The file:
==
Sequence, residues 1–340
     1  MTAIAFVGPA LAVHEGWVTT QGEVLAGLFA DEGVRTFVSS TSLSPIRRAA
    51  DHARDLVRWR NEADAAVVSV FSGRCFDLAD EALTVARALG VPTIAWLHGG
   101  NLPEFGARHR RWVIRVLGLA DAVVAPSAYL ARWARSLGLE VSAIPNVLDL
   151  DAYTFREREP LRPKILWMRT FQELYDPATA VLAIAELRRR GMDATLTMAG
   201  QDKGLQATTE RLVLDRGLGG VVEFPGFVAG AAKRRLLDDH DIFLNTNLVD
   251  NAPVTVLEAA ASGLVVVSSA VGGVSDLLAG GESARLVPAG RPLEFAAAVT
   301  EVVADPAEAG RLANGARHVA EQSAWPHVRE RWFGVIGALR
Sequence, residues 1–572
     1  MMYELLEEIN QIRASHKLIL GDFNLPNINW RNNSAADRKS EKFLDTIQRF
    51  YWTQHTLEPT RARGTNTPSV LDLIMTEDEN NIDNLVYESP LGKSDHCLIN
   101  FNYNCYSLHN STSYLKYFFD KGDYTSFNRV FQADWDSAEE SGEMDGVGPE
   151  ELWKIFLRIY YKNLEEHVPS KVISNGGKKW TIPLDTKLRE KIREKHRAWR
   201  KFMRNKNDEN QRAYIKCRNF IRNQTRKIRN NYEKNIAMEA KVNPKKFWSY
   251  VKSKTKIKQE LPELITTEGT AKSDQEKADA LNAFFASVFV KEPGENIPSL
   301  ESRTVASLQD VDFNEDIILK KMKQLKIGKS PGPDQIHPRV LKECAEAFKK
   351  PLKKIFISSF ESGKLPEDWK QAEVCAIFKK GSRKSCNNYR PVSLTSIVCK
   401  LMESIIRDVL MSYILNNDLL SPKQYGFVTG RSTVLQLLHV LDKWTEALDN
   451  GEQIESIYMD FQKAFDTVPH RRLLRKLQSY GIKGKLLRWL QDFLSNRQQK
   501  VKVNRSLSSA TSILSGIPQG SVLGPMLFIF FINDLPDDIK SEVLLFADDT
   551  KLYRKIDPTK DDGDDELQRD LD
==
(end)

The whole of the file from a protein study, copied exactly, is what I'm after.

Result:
Sequence, residues 1–340
     1  MTAIAFVGPA LAVHEGWVTT QGEVLAGLFA DEGVRTFVSS TSLSPIRRAA
    51  DHARDLVRWR NEADAAVVSV FSGRCFDLAD EALTVARALG VPTIAWLHGG
   101  NLPEFGARHR RWVIRVLGLA DAVVAPSAYL ARWARSLGLE VSAIPNVLDL
   151  DAYTFREREP LRPKILWMRT FQELYDPATA VLAIAELRRR GMDATLTMAG
   201  QDKGLQATTE RLVLDRGLGG VVEFPGFVAG AAKRRLLDDH DIFLNTNLVD
   251  NAPVTVLEAA ASGLVVVSSA VGGVSDLLAG GESARLVPAG RPLEFAAAVT
   301  EVVADPAEAG RLANGARHVA EQSAWPHVRE RWFGVIGALR
Sequence, residues 1–572
     1  MMYELLEEIN QIRASHKLIL GDFNLPNINW RNNSAADRKS EKFLDTIQRF
    51  YWTQHTLEPT RARGTNTPSV LDLIMTEDEN NIDNLVYESP LGKSDHCLIN
   101  FNYNCYSLHN STSYLKYFFD KGDYTSFNRV FQADWDSAEE SGEMDGVGPE
   151  ELWKIFLRIY YKNLEEHVPS KVISNGGKKW TIPLDTKLRE KIREKHRAWR
   201  KFMRNKNDEN QRAYIKCRNF IRNQTRKIRN NYEKNIAMEA KVNPKKFWSY
   251  VKSKTKIKQE LPELITTEGT AKSDQEKADA LNAFFASVFV KEPGENIPSL
   301  ESRTVASLQD VDFNEDIILK KMKQLKIGKS PGPDQIHPRV LKECAEAFKK
   351  PLKKIFISSF ESGKLPEDWK QAEVCAIFKK GSRKSCNNYR PVSLTSIVCK
   401  LMESIIRDVL MSYILNNDLL SPKQYGFVTG RSTVLQLLHV LDKWTEALDN
   451  GEQIESIYMD FQKAFDTVPH RRLLRKLQSY GIKGKLLRWL QDFLSNRQQK
   501  VKVNRSLSSA TSILSGIPQG SVLGPMLFIF FINDLPDDIK SEVLLFADDT
   551  KLYRKIDPTK DDGDDELQRD LD